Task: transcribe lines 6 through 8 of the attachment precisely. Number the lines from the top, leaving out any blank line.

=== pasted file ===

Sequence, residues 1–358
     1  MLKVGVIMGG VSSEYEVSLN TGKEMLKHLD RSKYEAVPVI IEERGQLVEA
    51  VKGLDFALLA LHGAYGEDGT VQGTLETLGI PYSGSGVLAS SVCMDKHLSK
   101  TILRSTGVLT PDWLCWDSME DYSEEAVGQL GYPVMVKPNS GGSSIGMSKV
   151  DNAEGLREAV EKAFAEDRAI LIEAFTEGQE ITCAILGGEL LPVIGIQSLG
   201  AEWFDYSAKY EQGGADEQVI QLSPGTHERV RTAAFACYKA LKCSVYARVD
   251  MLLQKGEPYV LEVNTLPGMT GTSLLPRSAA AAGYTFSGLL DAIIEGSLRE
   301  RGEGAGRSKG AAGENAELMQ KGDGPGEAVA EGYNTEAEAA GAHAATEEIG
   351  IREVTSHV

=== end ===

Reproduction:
   201  AEWFDYSAKY EQGGADEQVI QLSPGTHERV RTAAFACYKA LKCSVYARVD
   251  MLLQKGEPYV LEVNTLPGMT GTSLLPRSAA AAGYTFSGLL DAIIEGSLRE
   301  RGEGAGRSKG AAGENAELMQ KGDGPGEAVA EGYNTEAEAA GAHAATEEIG